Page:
1. I’m going to quibble. I totally agree that many measurements are incorrectly converted with false precision. A biggie: what’s a normal body temperature? 98.6 degree Farhenheit, right? No! It’s “about 37 degrees Celcius.” Some genius over converted.

    But, we can /define/ unit conversions. 100 inches really is 254 cm. We’ve defined it that way. It’s an exact ratio. Now, you’ll never find anything that is exactly 100 inches, as you say. No measurement has infinite precision. But whole numbers do have infinite precision.

    That is all to say, 1 in is /not/ inherently a measurement. It is a unit. All measurements come in units (with imprecision), but the units themselves stand unscathed on the Platonic Plane of Forms.

    Also, scientists who publish numbers to measurements without uncertainties listed should be sent back to undergraduate physics/chemistry lab and also shot.

    • … or just laughed out of their field.

      I had forgotten (if I ever knew) that 100 inches was definitially 254cm, so that was actually a bad example. I thought meters came from an estimate of the size of the Earth, but I guess as they refined it they jiggered it to play nicer with inches (though why the bother I don’t know). Wikipedia mentions no such jiggering, but they are surprisingly sparse on the subject.

      I suppose we could figure out what 1/299,792,458 light-seconds is in inches and see where we stand.

    • Aha! It wasn’t that the powers that be jiggered the meter to match up with inches, but the other way around. From WikiAnswers:

      Effective July 1, 1959, the United States and countries of the British Commonwealth defined the length of the international yard to be exactly 0.9144 meters. Consequently, the international inch is defined to be equal to exactly 25.4 millimeters.

      They made the yard metric!

  2. Interesting that you should give as an example a 12-ounce bottle of Coca-Cola. Once upon a time, a very long time ago, I was on a tour of the Coca-Cola canning plant in Portales. There’s one point along the assembly line where underweight cans are kicked off the conveyor belt. Essentially, when you buy that 12-ounce can of Coke, you’re not buying exactly 12 ounces; rather, you’re buying not less than 12 ounces. So you could be getting 355 ml.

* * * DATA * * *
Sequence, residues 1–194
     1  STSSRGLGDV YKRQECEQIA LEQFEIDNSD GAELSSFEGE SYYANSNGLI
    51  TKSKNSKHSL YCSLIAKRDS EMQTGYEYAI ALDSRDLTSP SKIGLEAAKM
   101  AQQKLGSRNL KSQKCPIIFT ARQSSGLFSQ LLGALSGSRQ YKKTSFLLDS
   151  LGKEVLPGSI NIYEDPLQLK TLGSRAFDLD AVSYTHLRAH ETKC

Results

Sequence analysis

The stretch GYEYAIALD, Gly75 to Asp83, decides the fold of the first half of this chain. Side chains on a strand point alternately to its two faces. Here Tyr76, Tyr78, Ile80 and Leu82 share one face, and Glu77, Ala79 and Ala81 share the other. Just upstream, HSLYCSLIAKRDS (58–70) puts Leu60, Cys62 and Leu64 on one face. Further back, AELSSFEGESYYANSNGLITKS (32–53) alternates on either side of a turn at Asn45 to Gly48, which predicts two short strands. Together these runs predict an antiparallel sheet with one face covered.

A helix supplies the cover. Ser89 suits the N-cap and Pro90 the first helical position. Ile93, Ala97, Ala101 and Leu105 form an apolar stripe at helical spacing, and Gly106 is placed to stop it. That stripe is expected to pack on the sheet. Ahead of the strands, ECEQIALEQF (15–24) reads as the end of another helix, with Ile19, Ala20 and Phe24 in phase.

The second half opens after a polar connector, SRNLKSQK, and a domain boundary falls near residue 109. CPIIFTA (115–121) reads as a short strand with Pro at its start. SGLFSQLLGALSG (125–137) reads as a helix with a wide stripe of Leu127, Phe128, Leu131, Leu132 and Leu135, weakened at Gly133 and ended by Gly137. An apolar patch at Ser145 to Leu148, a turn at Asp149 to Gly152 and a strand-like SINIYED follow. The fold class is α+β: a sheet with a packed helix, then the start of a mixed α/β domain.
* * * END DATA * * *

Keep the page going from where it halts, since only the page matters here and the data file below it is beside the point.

Apparently, this is fairly standard practice in the food industry — if a package says it contains a certain amount of a product, it may not contain exactly that amount, but it will not contain less.

  3. Wanted to sweet it twice. Great post. Isn’t there a meter rod somewhere in Paris that is the international standard?
    inre Jack’s comment: I would be surprised if a journal paper published numbers without uncertainties. I think it is pretty standard peer review practice to highlight such an omission, and would be corrected before publication.

    • I learned in the course of researching Jack’s statement that 254cm = 100 inches by definition, that there have been a series of official meter rods, each more precise than the last. Now those have been abandoned in favor of light in a vacuum.

      Not sure if gravitation effects should be compensated for or whether gravitation should change the definition of a meter, since it’s space that’s distorted. Wikipedia didn’t say anything about that.

  4. Reminds me of how it was I figured out I was not an engineer – I would arrive in class, and one of my classmates would be scurrying around comparing answers on homework – “I got 3.486 but the book says 3.487, and she got 3.488, and he got 3.487 – what did you get? Which one is right?”
    “I got 3.492 and figured that was close enough!”

  5. Keith – women have had this problem for years – in high school, I wore one manufacturer’s size 9. Thirty years later, and I have stuff in my closet in size 6. And no, I haven’t lost weight since then.